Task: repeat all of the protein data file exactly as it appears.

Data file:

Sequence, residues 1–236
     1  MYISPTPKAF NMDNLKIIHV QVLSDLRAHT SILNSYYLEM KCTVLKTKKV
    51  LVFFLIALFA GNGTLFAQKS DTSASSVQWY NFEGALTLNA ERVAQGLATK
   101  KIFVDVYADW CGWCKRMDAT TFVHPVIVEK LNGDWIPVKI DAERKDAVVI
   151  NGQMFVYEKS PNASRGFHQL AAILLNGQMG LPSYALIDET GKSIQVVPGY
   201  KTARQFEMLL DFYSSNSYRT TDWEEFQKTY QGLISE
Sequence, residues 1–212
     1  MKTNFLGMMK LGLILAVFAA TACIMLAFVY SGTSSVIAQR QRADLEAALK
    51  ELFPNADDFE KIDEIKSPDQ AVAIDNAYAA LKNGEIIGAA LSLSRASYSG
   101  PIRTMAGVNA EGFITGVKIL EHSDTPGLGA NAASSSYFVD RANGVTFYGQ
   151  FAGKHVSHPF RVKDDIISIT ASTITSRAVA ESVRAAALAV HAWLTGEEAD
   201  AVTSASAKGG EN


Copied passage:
Sequence, residues 1–236
     1  MYISPTPKAF NMDNLKIIHV QVLSDLRAHT SILNSYYLEM KCTVLKTKKV
    51  LVFFLIALFA GNGTLFAQKS DTSASSVQWY NFEGALTLNA ERVAQGLATK
   101  KIFVDVYADW CGWCKRMDAT TFVHPVIVEK LNGDWIPVKI DAERKDAVVI
   151  NGQMFVYEKS PNASRGFHQL AAILLNGQMG LPSYALIDET GKSIQVVPGY
   201  KTARQFEMLL DFYSSNSYRT TDWEEFQKTY QGLISE
Sequence, residues 1–212
     1  MKTNFLGMMK LGLILAVFAA TACIMLAFVY SGTSSVIAQR QRADLEAALK
    51  ELFPNADDFE KIDEIKSPDQ AVAIDNAYAA LKNGEIIGAA LSLSRASYSG
   101  PIRTMAGVNA EGFITGVKIL EHSDTPGLGA NAASSSYFVD RANGVTFYGQ
   151  FAGKHVSHPF RVKDDIISIT ASTITSRAVA ESVRAAALAV HAWLTGEEAD
   201  AVTSASAKGG EN